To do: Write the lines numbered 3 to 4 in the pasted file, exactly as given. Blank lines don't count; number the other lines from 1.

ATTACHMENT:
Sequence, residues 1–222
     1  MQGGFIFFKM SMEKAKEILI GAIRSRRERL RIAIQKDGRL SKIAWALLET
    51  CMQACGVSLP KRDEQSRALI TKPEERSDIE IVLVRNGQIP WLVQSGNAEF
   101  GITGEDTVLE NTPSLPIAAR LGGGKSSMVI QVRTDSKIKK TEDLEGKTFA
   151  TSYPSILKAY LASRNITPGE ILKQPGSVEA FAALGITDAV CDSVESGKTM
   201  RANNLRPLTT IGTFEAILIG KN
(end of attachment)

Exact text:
    51  CMQACGVSLP KRDEQSRALI TKPEERSDIE IVLVRNGQIP WLVQSGNAEF
   101  GITGEDTVLE NTPSLPIAAR LGGGKSSMVI QVRTDSKIKK TEDLEGKTFA